Two other examples, on the military side, are Joint Strike Fighter and missile defense. On JSF, the United Kingdom and Italy are both planning to invest in either Boeing or Lockheed Martin's version. And, at the risk of getting ahead of my customer, the president announced last week he envisions a "missile defense system that includes our allies," so that may be another area [for future cooperation]. . . .
I've given several examples where international cooperation on future space programs is needed, but, clearly there are times when cross-border partnering does not make good business sense. It would be disingenuous not to admit there are cases in which a company like Boeing or Lockheed Martin or Arianespace simply doesn't need or want to cooperate on a project.
First of all, if we think we have a killer idea that's going to change the marketplace, why would we?
In some cases we wouldn't.
While in theory, cross-border partnering can provide access to unique capabilities, reduce the required investment, and open new markets that wouldn't be open to you otherwise... Too often, in practice, it seems that the playing field isn't level.
Too many times folks want to work with us just to get access to workshare, access to our markets, and access to our investment... without giving up access to their markets.
Now, I know there's been a lot written about the issue of subsidies, and it may always be an area where we agree to disagree... . But I'd like to tell you how Boeing sees it.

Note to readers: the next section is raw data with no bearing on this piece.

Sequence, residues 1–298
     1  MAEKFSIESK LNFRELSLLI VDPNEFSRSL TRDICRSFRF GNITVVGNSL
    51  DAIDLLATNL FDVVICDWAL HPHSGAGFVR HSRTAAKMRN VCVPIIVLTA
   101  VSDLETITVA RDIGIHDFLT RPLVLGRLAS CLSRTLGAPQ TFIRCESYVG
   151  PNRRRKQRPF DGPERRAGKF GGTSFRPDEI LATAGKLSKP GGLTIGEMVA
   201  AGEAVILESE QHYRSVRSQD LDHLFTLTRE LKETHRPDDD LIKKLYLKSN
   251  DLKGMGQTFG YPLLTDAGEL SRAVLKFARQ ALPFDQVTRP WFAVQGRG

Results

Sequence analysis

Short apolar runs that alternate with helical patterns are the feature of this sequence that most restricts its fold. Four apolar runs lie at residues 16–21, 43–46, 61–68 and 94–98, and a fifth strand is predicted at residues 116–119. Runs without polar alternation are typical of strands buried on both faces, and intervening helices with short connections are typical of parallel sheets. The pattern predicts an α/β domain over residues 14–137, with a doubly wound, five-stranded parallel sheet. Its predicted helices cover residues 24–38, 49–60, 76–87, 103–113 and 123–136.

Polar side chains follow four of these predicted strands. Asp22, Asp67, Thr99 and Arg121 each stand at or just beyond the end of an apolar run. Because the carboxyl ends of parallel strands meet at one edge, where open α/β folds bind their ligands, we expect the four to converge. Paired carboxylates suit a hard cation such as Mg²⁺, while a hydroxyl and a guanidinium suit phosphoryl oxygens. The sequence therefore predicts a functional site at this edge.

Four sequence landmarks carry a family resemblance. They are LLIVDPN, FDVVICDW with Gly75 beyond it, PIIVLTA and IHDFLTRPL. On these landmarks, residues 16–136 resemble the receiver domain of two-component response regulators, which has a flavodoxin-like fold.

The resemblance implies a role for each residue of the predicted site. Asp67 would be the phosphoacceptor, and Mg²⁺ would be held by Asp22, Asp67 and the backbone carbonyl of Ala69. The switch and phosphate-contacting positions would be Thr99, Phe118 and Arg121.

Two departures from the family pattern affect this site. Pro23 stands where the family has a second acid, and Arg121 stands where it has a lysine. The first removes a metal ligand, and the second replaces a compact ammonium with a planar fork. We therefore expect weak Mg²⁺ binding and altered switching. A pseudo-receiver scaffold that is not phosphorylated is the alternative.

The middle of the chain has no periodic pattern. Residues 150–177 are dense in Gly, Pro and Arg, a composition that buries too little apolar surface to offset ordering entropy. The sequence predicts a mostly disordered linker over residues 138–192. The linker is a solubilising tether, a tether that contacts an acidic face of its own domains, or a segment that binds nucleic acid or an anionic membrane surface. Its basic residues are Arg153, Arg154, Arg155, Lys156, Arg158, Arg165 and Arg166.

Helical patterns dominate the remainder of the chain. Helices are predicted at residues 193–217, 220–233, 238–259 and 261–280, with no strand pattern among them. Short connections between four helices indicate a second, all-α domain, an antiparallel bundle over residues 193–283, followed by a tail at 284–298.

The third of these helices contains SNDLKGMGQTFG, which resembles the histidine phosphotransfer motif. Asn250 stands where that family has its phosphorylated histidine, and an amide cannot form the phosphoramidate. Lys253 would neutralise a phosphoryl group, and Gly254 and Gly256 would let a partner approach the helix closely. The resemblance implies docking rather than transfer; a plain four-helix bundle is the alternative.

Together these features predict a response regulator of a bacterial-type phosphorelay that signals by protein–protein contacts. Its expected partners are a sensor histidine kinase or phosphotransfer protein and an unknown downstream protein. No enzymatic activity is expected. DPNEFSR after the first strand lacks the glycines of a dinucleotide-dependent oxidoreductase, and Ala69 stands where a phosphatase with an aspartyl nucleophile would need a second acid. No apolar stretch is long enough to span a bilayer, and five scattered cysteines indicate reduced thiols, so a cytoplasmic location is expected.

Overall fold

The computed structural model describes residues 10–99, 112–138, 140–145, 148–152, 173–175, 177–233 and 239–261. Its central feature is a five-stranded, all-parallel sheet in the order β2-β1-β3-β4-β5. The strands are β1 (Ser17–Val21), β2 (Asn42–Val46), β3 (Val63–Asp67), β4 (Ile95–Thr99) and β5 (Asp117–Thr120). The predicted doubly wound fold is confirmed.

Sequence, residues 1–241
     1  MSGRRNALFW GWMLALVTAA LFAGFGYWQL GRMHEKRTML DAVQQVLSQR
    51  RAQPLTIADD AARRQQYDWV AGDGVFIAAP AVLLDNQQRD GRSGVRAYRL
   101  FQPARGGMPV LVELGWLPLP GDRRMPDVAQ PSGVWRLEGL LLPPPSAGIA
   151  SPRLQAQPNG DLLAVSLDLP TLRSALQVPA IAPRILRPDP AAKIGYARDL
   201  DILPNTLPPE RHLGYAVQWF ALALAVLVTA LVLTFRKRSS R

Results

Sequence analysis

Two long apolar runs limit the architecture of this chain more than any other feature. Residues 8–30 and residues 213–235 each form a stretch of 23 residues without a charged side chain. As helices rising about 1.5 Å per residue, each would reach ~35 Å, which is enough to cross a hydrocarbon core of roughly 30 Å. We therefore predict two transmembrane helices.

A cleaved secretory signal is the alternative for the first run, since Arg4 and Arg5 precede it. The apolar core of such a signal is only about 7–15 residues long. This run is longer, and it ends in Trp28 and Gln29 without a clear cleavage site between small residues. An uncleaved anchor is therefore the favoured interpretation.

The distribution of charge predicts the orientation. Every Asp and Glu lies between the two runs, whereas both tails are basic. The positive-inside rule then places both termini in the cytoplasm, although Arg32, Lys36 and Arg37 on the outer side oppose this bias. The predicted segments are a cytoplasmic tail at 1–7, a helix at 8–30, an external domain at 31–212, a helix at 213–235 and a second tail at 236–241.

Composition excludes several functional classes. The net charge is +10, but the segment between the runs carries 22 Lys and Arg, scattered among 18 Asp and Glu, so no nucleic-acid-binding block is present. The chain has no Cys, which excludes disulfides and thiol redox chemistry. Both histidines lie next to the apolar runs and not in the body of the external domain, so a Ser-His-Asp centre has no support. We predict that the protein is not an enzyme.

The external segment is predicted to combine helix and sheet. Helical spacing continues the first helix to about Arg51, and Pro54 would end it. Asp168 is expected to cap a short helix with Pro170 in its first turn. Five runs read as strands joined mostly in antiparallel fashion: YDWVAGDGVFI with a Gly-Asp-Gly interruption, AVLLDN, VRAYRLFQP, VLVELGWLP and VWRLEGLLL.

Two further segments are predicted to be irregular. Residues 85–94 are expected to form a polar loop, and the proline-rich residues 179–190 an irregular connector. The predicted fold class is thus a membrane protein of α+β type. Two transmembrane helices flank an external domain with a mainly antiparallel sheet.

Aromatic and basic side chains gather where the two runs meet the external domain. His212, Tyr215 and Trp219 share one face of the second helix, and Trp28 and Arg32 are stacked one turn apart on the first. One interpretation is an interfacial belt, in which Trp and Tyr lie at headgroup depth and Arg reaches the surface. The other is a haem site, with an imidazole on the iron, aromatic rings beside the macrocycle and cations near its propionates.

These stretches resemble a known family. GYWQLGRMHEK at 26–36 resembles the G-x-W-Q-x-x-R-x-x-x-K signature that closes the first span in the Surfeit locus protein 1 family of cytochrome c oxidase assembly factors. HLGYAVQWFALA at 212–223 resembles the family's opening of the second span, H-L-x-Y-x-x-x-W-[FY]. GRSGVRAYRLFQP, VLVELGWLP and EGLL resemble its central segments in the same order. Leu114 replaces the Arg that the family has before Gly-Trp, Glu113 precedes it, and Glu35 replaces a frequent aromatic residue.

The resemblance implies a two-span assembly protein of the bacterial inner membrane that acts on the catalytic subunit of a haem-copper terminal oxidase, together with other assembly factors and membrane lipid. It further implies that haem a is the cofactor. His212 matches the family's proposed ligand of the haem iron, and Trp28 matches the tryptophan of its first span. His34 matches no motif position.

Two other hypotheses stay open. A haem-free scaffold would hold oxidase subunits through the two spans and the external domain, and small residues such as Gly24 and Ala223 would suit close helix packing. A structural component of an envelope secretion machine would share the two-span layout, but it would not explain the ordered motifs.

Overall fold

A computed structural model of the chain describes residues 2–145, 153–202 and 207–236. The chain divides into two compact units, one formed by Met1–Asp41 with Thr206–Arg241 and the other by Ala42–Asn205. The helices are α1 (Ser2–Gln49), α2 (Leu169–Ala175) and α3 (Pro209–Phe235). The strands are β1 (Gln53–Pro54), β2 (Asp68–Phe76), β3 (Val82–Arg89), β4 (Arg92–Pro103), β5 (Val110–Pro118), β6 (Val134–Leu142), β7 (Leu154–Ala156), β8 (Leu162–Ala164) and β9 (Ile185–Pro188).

In short, we want a market-driven economy... free trade... and no tariffs. Pretty simple, really.
To be more specific, Boeing sees the continued growth of international trade as vital to our long-term business interests, and we support efforts to reduce barriers to trade.
We believe rules-based trade is a key to the health and continued expansion of the global economy... and abiding by international trade agreements and the rules of the World Trade Organization is essential to making the global trading system work.
Unfair trade practices distort markets and are bad for everyone in the long run. And while we have no objection to governments lending money to aerospace companies... the terms and conditions of such loans must be comparable to what commercial lenders require.
Finally, I've talked before about my frustration about export control and our inability to fix this situation, so I'm not going to talk about it today, but I think we all agree it gets in the way of doing business and it has to be addressed.
Those are some of my quick thoughts about international cooperation on space projects and where it is headed in the future. I look forward to getting into more detail [or your questions] during the discussion.